These rules implement the EU's recently-revised Payment Services Directive (PSD2) which aims to modernise Europe's payment services so as to keep pace with this rapidly evolving market and allow the European e-commerce market to blossom. Today's rules allow consumers to use innovative services offered by third party providers, also known as FinTech companies, while maintaining rigorous data protection and security for EU consumers and businesses. These include payment solutions and tools for managing one's personal finances by aggregating information from various accounts.
Valdis Dombrovskis, Vice-President in charge of Financial Stability, Financial Services and Capital Markets Union said: "These new rules will guide all market players, old and new, to offer better payment services to consumers while ensuring their security."
A key objective of PSD2 is to increase the level of security and confidence of electronic payment. In particular, PSD2 requires payment service providers to develop strong customer authentication (SCA). Today's rules therefore have stringent, built-in security provisions to significantly reduce payment fraud levels and to protect the confidentiality of users' financial data, especially relevant for online payments. They require a combination of at least two independent elements, which could be a physical item - a card or mobile phone - combined with a password or a biometric feature, such as fingerprints before making a payment.
PSD2 also establishes a framework for new services linked to consumer payment accounts, such as the so-called payment initiation services and account information services. These innovative services are already on offer in many EU countries but thanks to PSD2 they will be available to consumers across the EU, subject to strict security requirements. The rules specify the requirements for common and secure standards of communication between banks and FinTech companies.
Following the adoption of the Regulatory Technical Standards by the Commission, the European Parliament and the Council have three months to scrutinise them. Subject to the scrutiny period, the new rules will be published in the Official Journal of the EU. Banks and other payment services providers will then have 18 months to put the security measures and communication tools in place.
Today's Regulatory Technical Standards have been developed by the European Banking Authority in close cooperation with the European Central Bank. They spell out how strong customer authentication (SCA) is to be applied.
The simple provision of a password or details shown on a credit card will, in most situations, no longer be sufficient to make a payment. In certain cases, a code that is only valid for a given transaction will be needed together with the other two independent elements. The aim is to significantly reduce current fraud levels for all payment methods, especially online payments, and to protect the confidentiality of users´ financial data.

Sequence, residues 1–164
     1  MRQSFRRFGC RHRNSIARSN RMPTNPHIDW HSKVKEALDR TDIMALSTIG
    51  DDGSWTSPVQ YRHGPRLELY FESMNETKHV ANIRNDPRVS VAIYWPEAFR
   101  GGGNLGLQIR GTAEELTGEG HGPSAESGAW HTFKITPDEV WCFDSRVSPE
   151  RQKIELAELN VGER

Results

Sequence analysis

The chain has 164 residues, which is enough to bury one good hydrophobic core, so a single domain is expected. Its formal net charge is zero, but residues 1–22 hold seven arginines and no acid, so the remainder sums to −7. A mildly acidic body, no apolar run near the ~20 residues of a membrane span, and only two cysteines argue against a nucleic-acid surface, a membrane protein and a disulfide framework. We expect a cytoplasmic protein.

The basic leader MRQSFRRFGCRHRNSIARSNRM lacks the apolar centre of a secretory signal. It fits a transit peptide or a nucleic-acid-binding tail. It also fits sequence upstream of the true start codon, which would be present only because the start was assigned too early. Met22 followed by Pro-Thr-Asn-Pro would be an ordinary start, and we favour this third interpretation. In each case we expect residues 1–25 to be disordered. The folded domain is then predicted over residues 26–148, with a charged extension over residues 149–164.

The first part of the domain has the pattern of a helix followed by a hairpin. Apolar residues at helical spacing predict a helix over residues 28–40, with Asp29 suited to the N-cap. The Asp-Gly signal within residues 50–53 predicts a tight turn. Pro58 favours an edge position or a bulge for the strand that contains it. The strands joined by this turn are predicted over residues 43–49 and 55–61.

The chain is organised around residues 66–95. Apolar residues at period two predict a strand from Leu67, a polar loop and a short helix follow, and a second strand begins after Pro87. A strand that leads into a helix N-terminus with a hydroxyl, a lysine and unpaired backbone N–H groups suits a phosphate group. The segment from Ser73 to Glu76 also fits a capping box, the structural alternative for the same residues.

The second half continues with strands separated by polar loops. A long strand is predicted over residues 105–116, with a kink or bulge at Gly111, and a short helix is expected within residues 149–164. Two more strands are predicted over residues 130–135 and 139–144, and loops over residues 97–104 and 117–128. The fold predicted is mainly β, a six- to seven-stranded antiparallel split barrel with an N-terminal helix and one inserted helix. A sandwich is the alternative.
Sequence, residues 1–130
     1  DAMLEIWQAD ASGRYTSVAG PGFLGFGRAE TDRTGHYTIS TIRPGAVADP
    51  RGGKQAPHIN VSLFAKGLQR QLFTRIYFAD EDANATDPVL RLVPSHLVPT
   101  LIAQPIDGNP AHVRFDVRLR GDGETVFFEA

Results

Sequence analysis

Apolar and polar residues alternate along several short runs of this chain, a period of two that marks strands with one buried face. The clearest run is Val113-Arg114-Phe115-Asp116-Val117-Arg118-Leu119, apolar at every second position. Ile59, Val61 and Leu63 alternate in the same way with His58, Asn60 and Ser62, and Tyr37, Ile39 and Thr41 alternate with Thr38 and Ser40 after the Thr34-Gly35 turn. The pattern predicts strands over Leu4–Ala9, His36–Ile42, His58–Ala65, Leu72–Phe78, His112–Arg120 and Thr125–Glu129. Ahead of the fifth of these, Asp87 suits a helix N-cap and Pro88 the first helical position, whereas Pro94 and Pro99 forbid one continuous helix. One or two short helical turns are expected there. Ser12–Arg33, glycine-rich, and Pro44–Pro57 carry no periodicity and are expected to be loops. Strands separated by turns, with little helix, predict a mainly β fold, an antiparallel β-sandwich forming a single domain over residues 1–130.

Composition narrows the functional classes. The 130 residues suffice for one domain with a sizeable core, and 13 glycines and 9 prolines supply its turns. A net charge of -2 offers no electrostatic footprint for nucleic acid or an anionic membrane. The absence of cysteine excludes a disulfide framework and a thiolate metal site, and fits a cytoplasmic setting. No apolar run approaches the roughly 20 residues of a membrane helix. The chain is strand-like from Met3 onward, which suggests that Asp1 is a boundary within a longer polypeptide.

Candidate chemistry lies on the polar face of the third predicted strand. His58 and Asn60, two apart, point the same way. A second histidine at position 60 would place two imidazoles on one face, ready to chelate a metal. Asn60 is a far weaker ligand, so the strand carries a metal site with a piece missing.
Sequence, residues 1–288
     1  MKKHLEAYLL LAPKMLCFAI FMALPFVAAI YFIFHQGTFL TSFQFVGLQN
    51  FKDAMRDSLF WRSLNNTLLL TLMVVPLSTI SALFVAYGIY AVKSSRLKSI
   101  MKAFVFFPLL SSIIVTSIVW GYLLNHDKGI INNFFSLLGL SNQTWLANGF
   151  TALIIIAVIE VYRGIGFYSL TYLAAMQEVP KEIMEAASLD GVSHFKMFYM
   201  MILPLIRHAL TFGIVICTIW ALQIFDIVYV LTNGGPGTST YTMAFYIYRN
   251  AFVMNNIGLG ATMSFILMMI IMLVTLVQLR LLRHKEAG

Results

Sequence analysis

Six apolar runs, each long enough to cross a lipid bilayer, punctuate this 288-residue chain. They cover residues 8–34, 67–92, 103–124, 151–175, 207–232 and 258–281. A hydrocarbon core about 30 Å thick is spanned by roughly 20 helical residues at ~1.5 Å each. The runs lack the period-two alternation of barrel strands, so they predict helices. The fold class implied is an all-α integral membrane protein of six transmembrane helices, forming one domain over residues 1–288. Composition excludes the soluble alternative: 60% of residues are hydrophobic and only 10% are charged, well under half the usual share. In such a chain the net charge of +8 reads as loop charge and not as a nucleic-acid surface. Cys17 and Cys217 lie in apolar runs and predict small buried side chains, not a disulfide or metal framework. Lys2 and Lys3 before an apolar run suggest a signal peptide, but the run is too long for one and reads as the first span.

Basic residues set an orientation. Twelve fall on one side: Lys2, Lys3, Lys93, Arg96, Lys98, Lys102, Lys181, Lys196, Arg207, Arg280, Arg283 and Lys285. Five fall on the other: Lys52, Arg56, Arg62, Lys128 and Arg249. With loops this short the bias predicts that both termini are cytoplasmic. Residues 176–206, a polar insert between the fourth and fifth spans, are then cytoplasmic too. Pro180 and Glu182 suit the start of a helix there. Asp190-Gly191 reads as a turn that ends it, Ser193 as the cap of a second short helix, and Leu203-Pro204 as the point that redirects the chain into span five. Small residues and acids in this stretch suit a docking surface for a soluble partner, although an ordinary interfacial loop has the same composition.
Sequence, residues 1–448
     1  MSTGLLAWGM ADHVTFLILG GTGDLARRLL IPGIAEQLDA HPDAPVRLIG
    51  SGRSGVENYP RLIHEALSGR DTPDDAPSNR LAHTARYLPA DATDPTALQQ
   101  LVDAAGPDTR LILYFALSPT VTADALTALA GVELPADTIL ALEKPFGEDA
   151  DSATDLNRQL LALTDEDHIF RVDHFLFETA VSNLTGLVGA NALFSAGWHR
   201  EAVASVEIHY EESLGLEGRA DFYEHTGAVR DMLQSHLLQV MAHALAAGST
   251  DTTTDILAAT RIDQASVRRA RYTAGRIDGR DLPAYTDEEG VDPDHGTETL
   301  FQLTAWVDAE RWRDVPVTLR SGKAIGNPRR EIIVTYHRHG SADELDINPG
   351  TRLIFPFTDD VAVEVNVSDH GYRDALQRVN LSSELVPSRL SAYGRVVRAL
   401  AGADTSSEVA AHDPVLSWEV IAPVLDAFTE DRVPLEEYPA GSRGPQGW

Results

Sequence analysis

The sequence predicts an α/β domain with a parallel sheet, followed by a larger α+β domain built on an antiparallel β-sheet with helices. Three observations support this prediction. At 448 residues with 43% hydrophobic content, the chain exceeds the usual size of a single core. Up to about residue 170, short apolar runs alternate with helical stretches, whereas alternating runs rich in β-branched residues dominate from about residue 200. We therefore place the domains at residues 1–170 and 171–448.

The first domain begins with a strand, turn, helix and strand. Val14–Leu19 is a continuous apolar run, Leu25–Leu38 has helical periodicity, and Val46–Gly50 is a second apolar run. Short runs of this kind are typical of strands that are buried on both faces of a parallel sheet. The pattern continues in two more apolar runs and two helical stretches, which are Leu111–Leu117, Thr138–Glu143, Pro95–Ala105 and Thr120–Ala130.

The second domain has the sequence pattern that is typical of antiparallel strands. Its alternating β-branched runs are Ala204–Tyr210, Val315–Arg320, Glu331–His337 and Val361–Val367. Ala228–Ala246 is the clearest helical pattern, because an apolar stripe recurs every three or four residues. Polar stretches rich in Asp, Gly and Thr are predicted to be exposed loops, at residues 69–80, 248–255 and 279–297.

However, the rules also acknowledge that acceptable levels of payment security can, in some cases, be achieved in other ways than by using the two independent elements required for SCA. For instance, payment service providers may be exempted if they have developed ways of assessing the risks of transactions and can identify fraudulent transactions. Exemptions also exist for contactless payments and transactions for small amounts, and particular types of payments such as urban transport fares or parking fees. Thanks to these exemptions, payment services providers can keep payments convenient without jeopardising the security of payments.
The rules also specify the obligations of banks and of providers of innovative payment solutions and account information tools. Consumers who want to use such new services cannot be prevented by their banks from doing so. Any bank that offers online access to accounts also must cooperate with FinTech companies or with other banks providing such new services. For this, banks must establish secure communication channels to transmit data and initiate payments.
Consumers will benefit from more choice and competition when paying for goods and services purchased online. They will also be able to manage their personal finances more efficiently through applications that aggregate information from their accounts held with different banks.
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